As we continue to shelter in place, one thing we can look forward to is firing up the backyard grill for some outdoor dining (or if you are like me, it never stops). To ensure everyone can enjoy their back yard bistros unencumbered by unfortunate mishaps, following is a list of steps you can take to avoid being “well done”:
Make sure that your grill is serviced and cleaned annually, following manufacturer’s instructions for care and use. There are many good tutorials on Youtube.com. Leak check all hoses and fittings on gas grill with a dish detergent and water solution. If any “bubbling” appears, have the grill serviced by a certified technician.
As it seems that this winter will never end, we look for signs that better (i.e. even warmer) weather is approaching.
One of those is the beginning of Daylight Savings Time which starts this weekend, officially at 2 a.m. on Sunday, March 8, 2020. (Remember “Spring ahead – Fall back.”)
In concert with the nationwide campaign “Change Your Clocks – Change Your Batteries,” the New Canaan Fire Department wants to remind everyone to change the batteries in your smoke detectors and CO alarms.
“There is no greater tragedy than one that could have been prevented.” I can’t take credit for this statement however, I could not agree more and the tragedy of home fires with the devastation they create is a perfect example. When the prevention is as easy as installing and maintaining smoke detectors and carbon monoxide detectors, it becomes more ironic.
Thanks to generous donations by New Canaan Fire Fighters Local 3224, free batteries will be offered to New Canaan residents (3 per household, please) at Fire Headquarters on Main Street from 9 a.m. to 5 p.m. on Saturday, March 7, 2020. Residents who are unable to change their own batteries may call fire headquarters at 203-594-3140 to arrange for firefighters to come to your residence for assistance. If anyone has any questions or concerns about smoke detector or carbon monoxide detectors or other fire safety topics, pleased contact the New Canaan Fire Marshal’s Office at 203-594-3030.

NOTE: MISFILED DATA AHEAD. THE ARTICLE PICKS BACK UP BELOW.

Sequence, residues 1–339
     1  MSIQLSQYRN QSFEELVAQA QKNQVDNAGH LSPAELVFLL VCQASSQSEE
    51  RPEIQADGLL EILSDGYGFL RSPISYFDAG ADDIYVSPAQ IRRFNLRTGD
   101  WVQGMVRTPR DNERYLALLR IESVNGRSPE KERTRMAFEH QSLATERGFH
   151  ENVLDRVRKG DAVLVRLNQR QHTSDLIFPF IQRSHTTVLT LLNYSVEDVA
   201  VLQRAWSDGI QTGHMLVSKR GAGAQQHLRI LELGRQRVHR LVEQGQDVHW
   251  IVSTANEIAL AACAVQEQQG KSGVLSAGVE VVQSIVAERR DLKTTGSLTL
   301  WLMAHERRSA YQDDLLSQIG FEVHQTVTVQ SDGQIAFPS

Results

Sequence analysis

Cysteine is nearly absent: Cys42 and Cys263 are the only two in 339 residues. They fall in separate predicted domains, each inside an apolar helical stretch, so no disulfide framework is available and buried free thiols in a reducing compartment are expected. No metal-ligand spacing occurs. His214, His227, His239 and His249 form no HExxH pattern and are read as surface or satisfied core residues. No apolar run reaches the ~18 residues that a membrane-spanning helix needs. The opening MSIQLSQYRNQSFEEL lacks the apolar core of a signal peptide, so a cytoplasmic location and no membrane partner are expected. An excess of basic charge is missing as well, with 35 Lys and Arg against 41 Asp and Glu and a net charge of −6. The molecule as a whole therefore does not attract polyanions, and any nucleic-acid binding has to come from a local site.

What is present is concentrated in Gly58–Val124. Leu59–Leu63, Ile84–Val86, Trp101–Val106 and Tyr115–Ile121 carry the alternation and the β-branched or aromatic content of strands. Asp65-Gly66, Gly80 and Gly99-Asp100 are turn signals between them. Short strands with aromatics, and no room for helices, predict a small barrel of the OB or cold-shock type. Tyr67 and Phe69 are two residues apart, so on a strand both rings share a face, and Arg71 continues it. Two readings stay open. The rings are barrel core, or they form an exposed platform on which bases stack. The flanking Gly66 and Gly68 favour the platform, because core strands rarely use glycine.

A New Canaan family is very lucky they had a working carbon monoxide detector Sunday night because they were alerted to a potentially life-threatening problem with their heating system.
Responding firefighters found levels of 50 parts per million when they sampled the home’s atmosphere. The heating system was shut down and the home ventilated and a service tech was called. Signs of CO poisoning are headaches, nausea and bright red complexion. Long-term exposure to low levels of CO can be just as bad a short-term exposure to high levels.
CO is created when incomplete combustion occurs from automobiles, heating systems, generators, fireplaces, etc. Following are some tips to help keep you and your family safe from “The Silent Killer”:
Have at least one CO detector outside of each sleeping area.
Recently, New Canaan has suffered three major structure fires with two of them related to fireplace use. The cause of the third fire was not able to be definitively determined. There was also a small brush fire caused by dumping of fireplace ashes that caused no damage (fortunately). Several residents have called regarding concerns for their fireplaces. Following are some fireplace safety tips to help keep us safe as we move into the fireplace season:
Depending on amount and type of use, chimneys should be cleaned and inspected by certified chimney cleaners at least every few years – more often if used extensively or if wood stoves are used. Older chimneys may require video inspection to check for cracked flue liners and loose mortar.
As the holiday season fast approaches the New Canaan Fire Marshal’s Office wishes all residents a safe and healthy season and offers the following tips:
Candles and holidays go hand in hand and add wonderful warmth to the festive atmosphere. Candles must be kept away from other combustible decorations and never be left unattended. Embers from fire place ashes can remain hot for several days. If cleaning is necessary use a proper metal container with tight fitting lid for disposal. Always use a fireplace screen to contain flying embers.